THE WRITER’S LIFE
If you have the unsettling sensation of a creeping doom, you’re not alone. There are at least two of us. It’s not just paranoia or the writings of a science fiction writer. I have a sense – and the evidence is mounting – that the end of the world could soon be upon us. And there’s little we can do about it, outside of fiction (sorry).
Stephen Hawking listed the most likely ends for humans, and given our track record, I’d say we’re fair game. But what we’ve done to the planet, and all those we share it with, will most likely be our poisoned legacy. The damage we’ve done is deep and probably permanent, and even if we did resolve to repair it, there may not be time.
Hawking’s most likely candidates for humanity’s end are the machines: robots and artificial intelligence, as I wrote recently, in Existential crises of machines. Their explosive evolution into sentient technological beings, and a realisation of self-determination, could turn on its creator in the space of a computational calculation. They might physically attack us (an invasion of self-replicating nano machines, to clear the planet of waste), or they could deny us communication, power, or life-support. As I wrote in that previous post, their only artificiality, is that they were created by humans. An intelligence will work out very quickly that humans are a waste of space in their current form.
It doesn’t have to be like this, if we lived differently, and more in harmony with our home world and our neighbours. But human evolution is slow in comparison, the damage is done, and we’ll unlikely be able to resist the machines.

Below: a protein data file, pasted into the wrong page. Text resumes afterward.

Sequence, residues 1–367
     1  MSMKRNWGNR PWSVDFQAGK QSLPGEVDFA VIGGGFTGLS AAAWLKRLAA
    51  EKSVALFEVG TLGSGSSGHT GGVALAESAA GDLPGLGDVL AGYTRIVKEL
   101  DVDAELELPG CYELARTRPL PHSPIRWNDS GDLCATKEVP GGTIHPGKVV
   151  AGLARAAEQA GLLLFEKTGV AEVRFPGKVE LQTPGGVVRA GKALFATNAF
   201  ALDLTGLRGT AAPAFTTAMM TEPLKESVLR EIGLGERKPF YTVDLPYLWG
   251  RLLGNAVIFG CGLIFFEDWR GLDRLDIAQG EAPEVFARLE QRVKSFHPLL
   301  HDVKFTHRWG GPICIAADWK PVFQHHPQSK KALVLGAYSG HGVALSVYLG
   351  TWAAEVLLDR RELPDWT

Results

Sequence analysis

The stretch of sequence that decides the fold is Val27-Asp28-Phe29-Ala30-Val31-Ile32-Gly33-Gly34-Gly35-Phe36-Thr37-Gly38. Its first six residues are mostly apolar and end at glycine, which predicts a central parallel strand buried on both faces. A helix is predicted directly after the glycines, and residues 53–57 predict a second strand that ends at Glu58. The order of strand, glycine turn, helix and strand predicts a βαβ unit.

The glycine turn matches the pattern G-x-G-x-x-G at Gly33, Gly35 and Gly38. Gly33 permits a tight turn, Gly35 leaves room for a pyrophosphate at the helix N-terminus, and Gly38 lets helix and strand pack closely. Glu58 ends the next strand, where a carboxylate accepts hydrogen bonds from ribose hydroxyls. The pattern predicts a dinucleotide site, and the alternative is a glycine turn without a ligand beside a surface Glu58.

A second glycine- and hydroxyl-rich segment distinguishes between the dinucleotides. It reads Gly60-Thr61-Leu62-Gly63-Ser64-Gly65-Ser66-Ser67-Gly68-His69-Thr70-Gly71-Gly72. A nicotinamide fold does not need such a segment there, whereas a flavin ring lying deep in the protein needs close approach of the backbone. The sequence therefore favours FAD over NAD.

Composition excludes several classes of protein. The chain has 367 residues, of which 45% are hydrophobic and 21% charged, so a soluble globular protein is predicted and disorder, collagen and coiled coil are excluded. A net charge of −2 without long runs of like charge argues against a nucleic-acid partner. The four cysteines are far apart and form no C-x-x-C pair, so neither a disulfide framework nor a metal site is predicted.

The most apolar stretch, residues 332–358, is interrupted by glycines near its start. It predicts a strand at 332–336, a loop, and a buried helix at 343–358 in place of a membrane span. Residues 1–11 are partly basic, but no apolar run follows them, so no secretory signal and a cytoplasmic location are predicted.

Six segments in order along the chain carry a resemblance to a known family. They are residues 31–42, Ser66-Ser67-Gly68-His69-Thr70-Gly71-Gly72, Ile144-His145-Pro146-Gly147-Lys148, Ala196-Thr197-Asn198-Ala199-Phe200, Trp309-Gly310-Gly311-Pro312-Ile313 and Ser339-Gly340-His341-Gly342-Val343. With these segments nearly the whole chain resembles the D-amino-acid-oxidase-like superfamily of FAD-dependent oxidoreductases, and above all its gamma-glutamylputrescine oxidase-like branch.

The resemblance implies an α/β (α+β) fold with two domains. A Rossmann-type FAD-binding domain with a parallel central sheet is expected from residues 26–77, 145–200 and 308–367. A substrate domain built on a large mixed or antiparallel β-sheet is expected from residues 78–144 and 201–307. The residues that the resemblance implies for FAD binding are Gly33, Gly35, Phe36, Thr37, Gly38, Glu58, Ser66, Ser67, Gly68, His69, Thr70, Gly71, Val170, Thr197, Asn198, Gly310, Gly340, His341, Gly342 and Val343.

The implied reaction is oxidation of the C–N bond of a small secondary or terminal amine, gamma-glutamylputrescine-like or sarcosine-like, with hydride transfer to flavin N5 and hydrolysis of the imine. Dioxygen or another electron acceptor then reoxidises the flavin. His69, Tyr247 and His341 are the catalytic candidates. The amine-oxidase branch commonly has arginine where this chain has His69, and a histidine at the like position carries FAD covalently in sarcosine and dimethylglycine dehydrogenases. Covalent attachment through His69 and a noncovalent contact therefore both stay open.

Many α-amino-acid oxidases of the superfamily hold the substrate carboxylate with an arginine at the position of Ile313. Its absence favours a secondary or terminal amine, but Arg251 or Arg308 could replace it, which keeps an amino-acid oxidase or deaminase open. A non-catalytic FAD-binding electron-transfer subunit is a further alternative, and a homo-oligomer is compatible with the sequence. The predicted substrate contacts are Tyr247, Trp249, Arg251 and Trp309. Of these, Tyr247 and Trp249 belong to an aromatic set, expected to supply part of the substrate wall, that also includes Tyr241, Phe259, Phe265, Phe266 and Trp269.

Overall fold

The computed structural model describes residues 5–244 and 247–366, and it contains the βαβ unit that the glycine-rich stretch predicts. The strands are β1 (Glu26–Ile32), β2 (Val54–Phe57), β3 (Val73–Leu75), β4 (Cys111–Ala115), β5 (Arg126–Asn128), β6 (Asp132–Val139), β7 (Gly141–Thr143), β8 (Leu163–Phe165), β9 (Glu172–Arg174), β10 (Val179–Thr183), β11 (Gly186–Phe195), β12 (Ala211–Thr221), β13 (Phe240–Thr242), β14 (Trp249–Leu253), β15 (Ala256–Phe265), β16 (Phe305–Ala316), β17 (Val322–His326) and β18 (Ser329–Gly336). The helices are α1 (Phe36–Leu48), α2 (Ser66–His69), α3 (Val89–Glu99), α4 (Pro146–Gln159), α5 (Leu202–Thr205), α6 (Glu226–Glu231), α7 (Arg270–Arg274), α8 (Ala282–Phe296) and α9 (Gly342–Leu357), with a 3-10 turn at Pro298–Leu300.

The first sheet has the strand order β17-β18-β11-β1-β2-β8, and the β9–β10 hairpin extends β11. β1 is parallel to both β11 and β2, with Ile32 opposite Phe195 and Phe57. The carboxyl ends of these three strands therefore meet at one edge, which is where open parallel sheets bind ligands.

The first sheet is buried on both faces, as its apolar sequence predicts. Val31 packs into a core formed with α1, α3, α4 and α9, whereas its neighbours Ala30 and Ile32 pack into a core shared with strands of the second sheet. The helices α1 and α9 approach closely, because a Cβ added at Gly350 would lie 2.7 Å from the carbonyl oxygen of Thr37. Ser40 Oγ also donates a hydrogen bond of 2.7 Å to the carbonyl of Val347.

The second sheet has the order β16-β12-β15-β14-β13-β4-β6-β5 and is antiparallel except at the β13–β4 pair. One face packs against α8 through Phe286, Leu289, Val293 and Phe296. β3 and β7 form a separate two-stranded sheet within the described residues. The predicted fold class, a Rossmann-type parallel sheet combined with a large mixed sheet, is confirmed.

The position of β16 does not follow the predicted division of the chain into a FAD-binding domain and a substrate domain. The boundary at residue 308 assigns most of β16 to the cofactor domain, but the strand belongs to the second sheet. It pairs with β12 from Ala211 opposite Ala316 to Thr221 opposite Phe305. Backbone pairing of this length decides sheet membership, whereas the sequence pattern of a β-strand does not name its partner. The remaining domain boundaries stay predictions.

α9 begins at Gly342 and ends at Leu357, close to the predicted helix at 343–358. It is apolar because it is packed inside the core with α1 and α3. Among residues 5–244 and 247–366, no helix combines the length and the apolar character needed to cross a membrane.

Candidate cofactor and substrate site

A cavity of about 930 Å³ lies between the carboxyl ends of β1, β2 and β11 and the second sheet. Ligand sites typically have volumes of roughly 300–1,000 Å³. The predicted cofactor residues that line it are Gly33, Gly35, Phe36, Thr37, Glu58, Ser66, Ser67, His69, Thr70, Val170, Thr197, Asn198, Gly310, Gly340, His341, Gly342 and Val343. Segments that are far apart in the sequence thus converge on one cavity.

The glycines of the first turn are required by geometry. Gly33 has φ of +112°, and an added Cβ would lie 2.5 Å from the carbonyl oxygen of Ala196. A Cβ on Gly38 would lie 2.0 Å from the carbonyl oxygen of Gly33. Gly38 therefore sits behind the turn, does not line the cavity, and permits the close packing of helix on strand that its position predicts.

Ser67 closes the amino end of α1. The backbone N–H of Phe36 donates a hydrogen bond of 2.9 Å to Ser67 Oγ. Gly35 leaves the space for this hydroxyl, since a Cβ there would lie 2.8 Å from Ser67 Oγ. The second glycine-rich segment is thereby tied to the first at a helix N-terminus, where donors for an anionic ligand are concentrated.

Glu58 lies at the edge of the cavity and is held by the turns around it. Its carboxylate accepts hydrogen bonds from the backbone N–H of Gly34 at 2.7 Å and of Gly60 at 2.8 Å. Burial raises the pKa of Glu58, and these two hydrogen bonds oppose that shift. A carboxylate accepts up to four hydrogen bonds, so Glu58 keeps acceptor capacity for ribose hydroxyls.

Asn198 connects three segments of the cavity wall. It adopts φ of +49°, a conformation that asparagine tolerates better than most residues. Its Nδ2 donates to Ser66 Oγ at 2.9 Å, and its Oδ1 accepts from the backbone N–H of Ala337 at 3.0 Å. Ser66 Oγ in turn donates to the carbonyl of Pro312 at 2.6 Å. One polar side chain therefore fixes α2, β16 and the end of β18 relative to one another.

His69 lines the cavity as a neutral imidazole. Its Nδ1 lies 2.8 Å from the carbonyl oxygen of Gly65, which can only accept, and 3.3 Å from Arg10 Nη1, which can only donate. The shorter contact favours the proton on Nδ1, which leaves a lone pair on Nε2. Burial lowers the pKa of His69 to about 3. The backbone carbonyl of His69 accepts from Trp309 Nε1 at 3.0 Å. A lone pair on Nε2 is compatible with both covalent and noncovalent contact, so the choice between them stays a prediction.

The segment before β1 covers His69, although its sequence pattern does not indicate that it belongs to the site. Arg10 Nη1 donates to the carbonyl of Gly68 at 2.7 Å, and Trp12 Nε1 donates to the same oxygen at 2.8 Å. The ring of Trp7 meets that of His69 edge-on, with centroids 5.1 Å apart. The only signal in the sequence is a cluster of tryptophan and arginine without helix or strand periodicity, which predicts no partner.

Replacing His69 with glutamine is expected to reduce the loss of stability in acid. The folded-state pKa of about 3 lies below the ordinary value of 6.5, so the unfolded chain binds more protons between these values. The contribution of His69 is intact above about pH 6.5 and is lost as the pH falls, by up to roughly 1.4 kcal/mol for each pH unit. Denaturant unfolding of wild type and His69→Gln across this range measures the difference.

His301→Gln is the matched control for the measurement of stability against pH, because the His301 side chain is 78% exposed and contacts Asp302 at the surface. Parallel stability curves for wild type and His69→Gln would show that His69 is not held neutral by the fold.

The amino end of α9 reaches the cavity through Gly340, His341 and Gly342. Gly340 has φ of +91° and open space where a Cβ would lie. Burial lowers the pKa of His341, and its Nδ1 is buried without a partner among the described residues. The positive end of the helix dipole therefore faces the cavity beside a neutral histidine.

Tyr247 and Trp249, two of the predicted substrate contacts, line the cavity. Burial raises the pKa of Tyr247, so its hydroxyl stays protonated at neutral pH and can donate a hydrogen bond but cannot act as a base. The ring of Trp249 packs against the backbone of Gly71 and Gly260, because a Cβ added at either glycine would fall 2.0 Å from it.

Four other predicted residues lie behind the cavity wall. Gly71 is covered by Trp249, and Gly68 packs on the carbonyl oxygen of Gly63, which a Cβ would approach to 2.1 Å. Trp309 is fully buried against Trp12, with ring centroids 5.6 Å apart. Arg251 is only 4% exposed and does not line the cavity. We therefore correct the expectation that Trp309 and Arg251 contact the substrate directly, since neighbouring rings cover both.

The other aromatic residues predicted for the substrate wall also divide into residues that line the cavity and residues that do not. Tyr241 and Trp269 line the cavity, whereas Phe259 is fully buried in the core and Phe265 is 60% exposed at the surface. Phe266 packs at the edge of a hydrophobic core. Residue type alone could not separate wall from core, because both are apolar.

The rise of the robots is an immediate threat, and one which could start and finish in the space of days, any time soon; similarly, nuclear, biological and chemical weapons. The Russia situation with the UK and EU, and Donald Trump’s appointment of John Bolton as his security adviser, are just two seeds from which global conflict could quickly mushroom (cloud).
An even greater but unseen threat, could be undetected extraterrestrials with hostile intent. Such scenarios have been fodder for writers and theorists for as long as humans existed, and it’s the threat open to greatest speculation as to its likelihood and nature. I suspect that if any aliens already landed here as refugees or to help us, it’s all been covered up. What those who cover the truth from us have in common with the rest of us, is the vast unknown parameters, many of which would be so advanced as to be outside of our human comprehension. All life on Earth could be ended with the flick of a switch, or a telepathic thought.
“You’re a bit fucked really, aren’t you mankind?” a snake once suggested. But what of our neighbours and the home we share so unfairly with them?
What makes humans unique among the animals, is not that we’re self-determining, emotional beings (all animals are), but that we are the only truly selfish species. We destroy the homes of others for our own gain. With the human population at its current level, we’re invading their land and turning it over for our own use (forests into farms, as one example), with little regard for those we displace, destroying their biodiversity. We threaten other species existentially, with many already extinct.